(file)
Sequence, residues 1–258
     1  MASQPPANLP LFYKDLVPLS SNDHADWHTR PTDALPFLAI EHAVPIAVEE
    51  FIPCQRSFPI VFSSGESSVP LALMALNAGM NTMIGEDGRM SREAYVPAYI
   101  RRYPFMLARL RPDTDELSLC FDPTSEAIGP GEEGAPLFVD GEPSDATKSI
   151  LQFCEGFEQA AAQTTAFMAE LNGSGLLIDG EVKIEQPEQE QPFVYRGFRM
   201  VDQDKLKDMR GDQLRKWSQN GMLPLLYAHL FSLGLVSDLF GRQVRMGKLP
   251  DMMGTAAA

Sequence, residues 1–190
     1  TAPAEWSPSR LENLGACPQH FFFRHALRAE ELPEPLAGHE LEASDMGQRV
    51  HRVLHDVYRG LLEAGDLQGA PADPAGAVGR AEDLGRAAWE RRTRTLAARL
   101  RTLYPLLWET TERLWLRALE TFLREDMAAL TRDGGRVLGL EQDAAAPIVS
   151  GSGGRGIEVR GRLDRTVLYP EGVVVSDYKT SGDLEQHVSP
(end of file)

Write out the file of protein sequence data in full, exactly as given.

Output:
Sequence, residues 1–258
     1  MASQPPANLP LFYKDLVPLS SNDHADWHTR PTDALPFLAI EHAVPIAVEE
    51  FIPCQRSFPI VFSSGESSVP LALMALNAGM NTMIGEDGRM SREAYVPAYI
   101  RRYPFMLARL RPDTDELSLC FDPTSEAIGP GEEGAPLFVD GEPSDATKSI
   151  LQFCEGFEQA AAQTTAFMAE LNGSGLLIDG EVKIEQPEQE QPFVYRGFRM
   201  VDQDKLKDMR GDQLRKWSQN GMLPLLYAHL FSLGLVSDLF GRQVRMGKLP
   251  DMMGTAAA

Sequence, residues 1–190
     1  TAPAEWSPSR LENLGACPQH FFFRHALRAE ELPEPLAGHE LEASDMGQRV
    51  HRVLHDVYRG LLEAGDLQGA PADPAGAVGR AEDLGRAAWE RRTRTLAARL
   101  RTLYPLLWET TERLWLRALE TFLREDMAAL TRDGGRVLGL EQDAAAPIVS
   151  GSGGRGIEVR GRLDRTVLYP EGVVVSDYKT SGDLEQHVSP